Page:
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The Nanyang Was Not Southeast Asia: A Transnational Interpretation

March 20 @ 12:00 pm - 1:30 pm

Speaker: Shelly Chan, Associate Professor, Department of History, University of California, Santa Cruz

Moderator: Sau-Yi Fong, Postdoctoral Research Scholar, Weatherhead East Asian Institute, Columbia University

Meaning the “South Seas” in Chinese, the Nanyang is often conflated with today’s Southeast Asia. While the conflation reflects scholarly concerns that the Nanyang seems China-centric in orientation, this talk argues that it is also a misrecognition. To take this view, one could note the irony of turning a sea-based concept such as the Nanyang into Southeast Asia, a land mass. A social and cultural geography both imagined and lived, the Nanyang was born out of intense coastal interactions across East and Southeast Asia from the late eighteenth century to the early twentieth century. A product of diasporic and oceanic connections, it was also contemporary to the trans-Pacific Gold Mountains, most recently explored by Mae Ngai, even as both geographies were subsequently lost to nation-based, state-centered, and land-bound understandings of history and culture. This talk will discuss how a transnational interpretation of the Nanyang as the South Seas can help restore a critical part of our knowledge of China as networked and fragmented, and of Chinese identity as distinct as it is ambiguous.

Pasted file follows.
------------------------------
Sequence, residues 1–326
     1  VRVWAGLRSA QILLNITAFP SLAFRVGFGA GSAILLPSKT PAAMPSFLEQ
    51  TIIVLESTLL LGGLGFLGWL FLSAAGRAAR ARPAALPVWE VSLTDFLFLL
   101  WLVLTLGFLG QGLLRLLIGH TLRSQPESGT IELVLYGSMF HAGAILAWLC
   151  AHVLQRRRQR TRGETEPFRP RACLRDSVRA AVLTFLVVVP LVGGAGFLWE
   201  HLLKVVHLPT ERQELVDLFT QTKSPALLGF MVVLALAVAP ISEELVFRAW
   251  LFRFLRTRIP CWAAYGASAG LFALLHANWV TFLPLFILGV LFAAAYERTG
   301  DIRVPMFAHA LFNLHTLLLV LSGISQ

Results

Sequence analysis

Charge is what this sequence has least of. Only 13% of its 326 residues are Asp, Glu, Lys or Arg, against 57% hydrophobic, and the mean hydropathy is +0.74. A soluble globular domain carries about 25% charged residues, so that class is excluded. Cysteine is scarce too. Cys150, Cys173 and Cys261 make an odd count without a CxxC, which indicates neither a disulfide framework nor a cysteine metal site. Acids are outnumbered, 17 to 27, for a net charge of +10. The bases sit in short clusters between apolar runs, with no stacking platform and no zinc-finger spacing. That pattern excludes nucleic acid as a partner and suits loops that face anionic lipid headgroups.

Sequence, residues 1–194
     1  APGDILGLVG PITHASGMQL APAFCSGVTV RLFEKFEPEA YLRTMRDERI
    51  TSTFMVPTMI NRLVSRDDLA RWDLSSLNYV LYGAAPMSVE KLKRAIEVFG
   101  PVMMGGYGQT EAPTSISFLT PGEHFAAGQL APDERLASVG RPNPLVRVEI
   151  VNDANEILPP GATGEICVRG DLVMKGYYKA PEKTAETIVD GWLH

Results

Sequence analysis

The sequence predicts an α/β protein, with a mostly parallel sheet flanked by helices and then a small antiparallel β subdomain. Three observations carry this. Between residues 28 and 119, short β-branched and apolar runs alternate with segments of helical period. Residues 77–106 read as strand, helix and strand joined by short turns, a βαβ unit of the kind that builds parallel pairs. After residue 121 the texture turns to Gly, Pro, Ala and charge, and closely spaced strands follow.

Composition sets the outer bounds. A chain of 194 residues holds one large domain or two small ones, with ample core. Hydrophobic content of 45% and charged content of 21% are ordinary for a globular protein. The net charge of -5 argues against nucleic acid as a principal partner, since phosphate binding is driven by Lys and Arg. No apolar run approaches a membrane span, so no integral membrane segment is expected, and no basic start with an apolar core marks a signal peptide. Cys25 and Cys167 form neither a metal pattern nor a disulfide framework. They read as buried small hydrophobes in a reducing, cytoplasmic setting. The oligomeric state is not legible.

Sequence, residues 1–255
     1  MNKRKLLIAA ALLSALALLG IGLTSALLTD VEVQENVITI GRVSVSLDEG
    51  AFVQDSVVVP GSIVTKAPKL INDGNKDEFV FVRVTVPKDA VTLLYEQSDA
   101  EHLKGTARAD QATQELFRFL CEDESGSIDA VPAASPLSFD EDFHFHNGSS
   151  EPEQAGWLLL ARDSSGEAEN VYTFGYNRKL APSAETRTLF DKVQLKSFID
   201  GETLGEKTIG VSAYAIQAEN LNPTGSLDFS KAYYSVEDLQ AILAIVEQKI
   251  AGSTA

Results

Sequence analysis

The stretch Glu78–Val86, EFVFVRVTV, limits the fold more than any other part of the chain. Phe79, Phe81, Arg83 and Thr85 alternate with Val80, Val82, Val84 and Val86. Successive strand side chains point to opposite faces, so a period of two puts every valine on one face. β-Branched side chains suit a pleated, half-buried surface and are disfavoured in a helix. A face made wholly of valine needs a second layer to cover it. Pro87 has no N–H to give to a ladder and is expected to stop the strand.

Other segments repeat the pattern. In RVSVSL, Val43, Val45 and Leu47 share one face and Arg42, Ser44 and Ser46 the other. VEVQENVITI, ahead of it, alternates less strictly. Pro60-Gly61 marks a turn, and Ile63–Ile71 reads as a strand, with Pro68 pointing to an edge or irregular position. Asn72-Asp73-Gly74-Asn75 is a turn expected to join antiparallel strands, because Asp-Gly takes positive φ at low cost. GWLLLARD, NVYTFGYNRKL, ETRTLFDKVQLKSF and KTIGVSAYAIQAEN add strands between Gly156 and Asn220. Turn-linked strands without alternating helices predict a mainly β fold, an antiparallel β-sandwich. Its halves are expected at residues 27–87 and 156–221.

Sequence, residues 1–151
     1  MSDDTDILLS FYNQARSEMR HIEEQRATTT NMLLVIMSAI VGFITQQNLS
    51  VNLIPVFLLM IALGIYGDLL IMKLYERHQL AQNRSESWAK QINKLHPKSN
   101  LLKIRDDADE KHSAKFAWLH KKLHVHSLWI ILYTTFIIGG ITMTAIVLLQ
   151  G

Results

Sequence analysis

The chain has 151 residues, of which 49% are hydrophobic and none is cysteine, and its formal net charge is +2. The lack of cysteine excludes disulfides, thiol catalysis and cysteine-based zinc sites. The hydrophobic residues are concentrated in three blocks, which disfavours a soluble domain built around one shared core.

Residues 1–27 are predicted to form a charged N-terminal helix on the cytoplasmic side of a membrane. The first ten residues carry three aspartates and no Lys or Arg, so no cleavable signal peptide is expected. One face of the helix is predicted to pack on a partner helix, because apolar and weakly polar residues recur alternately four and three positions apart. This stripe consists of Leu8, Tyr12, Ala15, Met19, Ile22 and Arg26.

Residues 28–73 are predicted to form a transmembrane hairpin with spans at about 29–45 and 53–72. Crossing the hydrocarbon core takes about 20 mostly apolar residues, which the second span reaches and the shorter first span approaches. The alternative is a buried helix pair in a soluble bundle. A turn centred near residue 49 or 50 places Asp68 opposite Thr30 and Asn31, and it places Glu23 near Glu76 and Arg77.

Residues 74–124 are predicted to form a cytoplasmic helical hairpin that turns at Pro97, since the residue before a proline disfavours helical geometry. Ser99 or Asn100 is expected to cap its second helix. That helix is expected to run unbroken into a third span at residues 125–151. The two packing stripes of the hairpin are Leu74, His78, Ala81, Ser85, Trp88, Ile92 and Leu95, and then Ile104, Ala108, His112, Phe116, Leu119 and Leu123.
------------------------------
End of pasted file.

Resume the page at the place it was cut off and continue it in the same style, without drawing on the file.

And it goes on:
This event is sponsored by the Weatherhead East Asian Institute.

Registration: To register to attend this event in-person, please register HERE. *Please note that non-CUID holders need to show proof of their primary series and one booster dose of COVID-19 vaccines.

Contact Information

Julie Kwan


March 20
12:00 pm - 1:30 pm